Can frequent exercise epigenetically slow the aging process?

| | January 16, 2019
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Image credit: Canton Family YMCA
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Research under way in Melbourne is showing that exercise can, literally, make your body younger.

[Researcher Sarah] Voisin tells me that calorie restriction can produce an epigenetic “signature” or biological age younger than a person’s chronological age. It is much less clear, she says, whether exercise could have a similar effect.

To find out, she and [geneticist Nir] Eynon had their participants ride exercise bikes to exhaustion to gauge their “VO2 max” … . Each person was then assigned a fitness score and the researchers compared the fitter half to the less fit half.

Back in the boardroom Voisin is poised to swing her laptop around and show me the results, which are being prepared for publication.

Related article:  Should we treat aging as a disease rather than something that's inevitable?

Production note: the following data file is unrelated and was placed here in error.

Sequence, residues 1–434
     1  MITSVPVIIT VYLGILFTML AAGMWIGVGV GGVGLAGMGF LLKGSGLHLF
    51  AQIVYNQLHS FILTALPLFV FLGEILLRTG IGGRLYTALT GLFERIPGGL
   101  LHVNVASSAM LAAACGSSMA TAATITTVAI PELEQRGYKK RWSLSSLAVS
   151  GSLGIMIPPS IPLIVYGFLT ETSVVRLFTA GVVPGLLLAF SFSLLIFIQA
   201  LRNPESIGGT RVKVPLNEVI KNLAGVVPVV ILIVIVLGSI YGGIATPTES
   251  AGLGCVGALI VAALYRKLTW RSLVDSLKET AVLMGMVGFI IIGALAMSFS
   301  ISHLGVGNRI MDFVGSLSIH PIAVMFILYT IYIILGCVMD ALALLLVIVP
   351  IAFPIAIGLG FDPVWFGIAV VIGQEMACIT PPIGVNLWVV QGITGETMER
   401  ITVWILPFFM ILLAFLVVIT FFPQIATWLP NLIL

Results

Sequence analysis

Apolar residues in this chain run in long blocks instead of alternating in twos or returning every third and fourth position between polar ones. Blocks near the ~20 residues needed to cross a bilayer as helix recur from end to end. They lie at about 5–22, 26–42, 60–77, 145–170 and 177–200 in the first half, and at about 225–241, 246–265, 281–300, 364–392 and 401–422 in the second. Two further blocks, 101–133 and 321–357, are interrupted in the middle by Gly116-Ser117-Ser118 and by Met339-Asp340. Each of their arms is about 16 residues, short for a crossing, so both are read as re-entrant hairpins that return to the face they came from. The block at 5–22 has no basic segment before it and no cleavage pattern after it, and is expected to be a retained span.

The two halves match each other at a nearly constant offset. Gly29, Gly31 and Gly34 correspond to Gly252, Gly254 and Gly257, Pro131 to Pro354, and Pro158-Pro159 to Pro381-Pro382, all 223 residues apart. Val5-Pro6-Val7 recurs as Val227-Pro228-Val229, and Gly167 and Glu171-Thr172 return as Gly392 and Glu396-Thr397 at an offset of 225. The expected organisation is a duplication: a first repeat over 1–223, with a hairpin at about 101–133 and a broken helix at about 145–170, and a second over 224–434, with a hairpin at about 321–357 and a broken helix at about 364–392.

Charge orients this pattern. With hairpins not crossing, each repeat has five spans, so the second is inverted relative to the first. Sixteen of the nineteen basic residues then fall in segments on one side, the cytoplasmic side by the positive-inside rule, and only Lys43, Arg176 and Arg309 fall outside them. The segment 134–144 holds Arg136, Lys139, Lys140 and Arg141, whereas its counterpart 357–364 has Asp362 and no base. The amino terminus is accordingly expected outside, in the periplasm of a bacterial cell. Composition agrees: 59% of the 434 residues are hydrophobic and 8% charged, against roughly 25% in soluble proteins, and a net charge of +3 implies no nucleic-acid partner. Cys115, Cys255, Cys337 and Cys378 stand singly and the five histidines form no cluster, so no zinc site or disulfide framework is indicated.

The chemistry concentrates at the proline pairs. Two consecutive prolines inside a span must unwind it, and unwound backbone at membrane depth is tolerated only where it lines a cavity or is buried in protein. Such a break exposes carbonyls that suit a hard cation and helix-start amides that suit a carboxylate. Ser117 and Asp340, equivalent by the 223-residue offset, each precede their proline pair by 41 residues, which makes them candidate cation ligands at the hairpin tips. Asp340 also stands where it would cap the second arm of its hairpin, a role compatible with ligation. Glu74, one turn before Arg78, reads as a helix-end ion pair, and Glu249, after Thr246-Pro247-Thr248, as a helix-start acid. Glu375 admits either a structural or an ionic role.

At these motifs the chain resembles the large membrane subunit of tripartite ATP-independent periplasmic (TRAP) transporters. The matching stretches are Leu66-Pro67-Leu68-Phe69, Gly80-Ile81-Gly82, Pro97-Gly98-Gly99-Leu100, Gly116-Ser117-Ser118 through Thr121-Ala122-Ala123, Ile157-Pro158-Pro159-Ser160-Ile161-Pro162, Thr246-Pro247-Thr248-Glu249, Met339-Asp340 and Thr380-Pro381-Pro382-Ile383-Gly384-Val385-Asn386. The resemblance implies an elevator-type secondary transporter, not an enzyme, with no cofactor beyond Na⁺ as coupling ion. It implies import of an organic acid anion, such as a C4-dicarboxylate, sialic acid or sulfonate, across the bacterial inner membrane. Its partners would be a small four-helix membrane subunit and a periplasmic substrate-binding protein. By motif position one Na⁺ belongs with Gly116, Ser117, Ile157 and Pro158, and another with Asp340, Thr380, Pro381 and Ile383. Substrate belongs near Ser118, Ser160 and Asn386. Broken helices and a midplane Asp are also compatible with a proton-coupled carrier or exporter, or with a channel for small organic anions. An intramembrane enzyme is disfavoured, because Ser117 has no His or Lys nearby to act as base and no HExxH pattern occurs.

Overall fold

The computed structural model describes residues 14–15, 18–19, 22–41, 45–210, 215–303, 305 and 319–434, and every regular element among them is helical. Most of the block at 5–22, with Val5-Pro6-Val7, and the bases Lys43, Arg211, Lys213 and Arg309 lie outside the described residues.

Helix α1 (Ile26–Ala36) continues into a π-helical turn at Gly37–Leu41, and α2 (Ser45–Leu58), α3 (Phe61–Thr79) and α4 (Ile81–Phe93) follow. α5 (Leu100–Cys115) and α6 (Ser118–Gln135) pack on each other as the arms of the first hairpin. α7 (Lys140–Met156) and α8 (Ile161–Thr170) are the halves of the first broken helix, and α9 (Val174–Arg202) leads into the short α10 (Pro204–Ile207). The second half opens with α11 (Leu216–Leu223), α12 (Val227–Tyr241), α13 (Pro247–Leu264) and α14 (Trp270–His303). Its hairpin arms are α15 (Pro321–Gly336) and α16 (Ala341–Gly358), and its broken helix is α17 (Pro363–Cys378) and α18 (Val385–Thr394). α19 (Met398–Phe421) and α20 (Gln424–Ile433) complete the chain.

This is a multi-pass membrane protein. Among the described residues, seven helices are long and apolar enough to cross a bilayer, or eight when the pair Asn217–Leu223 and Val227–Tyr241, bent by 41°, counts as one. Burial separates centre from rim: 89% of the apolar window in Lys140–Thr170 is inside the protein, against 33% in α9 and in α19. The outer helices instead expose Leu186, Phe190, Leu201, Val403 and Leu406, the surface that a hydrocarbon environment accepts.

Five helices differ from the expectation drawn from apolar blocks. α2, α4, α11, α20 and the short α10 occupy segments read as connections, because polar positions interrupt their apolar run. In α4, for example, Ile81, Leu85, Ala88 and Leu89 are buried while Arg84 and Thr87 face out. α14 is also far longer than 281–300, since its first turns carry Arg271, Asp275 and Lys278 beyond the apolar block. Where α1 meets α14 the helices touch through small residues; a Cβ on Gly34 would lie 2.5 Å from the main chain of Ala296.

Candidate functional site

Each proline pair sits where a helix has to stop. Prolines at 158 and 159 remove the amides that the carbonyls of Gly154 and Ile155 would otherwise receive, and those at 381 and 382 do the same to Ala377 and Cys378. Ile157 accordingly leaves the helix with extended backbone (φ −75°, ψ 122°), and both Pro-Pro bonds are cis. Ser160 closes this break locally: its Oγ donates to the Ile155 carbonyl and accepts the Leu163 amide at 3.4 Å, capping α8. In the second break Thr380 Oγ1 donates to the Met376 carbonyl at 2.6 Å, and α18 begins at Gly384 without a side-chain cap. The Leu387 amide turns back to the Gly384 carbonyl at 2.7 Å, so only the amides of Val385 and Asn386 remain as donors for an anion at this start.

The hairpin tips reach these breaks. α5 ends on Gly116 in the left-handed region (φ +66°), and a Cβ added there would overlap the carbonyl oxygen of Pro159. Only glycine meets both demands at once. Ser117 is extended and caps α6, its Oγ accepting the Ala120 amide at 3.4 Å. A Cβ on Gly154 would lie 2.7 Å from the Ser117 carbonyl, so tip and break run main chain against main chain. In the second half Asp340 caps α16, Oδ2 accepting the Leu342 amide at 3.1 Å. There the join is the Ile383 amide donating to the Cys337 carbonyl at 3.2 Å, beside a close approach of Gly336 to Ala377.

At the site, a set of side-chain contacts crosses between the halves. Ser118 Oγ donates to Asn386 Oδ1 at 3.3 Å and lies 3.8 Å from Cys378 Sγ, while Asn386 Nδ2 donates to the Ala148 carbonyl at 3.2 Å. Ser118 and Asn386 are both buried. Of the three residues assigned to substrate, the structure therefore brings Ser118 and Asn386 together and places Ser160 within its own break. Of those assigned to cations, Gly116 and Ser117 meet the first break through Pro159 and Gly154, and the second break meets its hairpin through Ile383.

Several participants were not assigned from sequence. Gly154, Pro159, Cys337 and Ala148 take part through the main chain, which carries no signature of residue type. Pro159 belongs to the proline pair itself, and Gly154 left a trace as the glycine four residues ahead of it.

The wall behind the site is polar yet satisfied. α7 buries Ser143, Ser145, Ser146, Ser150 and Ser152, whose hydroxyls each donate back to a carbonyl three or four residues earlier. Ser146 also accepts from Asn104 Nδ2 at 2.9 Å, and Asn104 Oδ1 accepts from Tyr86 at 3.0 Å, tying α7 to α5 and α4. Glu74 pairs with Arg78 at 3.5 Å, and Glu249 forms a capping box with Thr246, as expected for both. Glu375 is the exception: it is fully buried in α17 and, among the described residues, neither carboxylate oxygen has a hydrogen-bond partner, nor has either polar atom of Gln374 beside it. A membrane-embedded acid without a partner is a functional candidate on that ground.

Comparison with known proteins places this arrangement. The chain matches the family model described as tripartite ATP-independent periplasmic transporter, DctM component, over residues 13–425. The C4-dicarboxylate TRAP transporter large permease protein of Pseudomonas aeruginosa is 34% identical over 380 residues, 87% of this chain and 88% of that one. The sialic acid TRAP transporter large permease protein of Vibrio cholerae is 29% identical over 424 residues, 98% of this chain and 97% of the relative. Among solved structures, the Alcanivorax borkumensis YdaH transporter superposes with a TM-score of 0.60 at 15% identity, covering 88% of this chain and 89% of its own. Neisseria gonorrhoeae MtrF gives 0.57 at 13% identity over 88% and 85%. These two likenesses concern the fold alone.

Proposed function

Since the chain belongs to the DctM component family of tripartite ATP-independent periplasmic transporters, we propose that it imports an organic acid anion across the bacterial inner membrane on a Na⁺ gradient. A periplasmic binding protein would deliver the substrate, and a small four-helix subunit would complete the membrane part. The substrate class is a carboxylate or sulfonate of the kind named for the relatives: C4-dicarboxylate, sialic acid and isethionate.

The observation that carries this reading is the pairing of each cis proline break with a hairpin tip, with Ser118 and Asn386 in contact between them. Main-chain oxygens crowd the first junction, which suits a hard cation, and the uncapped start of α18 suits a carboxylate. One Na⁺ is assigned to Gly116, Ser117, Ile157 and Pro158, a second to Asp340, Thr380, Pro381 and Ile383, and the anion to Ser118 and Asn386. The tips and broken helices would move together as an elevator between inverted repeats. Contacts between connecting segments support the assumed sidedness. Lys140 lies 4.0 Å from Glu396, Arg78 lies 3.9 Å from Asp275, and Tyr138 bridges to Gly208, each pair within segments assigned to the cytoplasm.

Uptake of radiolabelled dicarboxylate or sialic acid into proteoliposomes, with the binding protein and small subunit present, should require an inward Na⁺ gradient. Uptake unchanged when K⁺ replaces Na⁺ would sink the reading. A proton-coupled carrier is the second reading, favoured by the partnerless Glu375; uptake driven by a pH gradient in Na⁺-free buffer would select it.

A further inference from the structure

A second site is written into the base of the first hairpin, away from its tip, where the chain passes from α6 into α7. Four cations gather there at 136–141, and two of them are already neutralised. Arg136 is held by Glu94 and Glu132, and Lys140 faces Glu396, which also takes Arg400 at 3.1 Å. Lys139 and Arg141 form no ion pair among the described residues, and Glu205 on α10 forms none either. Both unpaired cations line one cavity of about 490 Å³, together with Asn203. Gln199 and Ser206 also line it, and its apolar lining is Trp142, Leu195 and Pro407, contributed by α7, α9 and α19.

On the left, a plot of the least fit people shows that their actual ages tally with their biological ages based on DNA methylation; the two are linked in a ladder of roughly horizontal lines. On the right, however, the ladder of the fitter people is wonky; their actual ages slope down in near uniform lines to their much lower biological ages – which are lower, on average, by four years.

“This is the first attempt to show that exercise can slow down ageing at the epigenetic level,” said Voisin. The result, adds Eynon, is that exercise is setting up skeletal muscle to succeed.

Read full, original post: Mind and Muscles – How to age well

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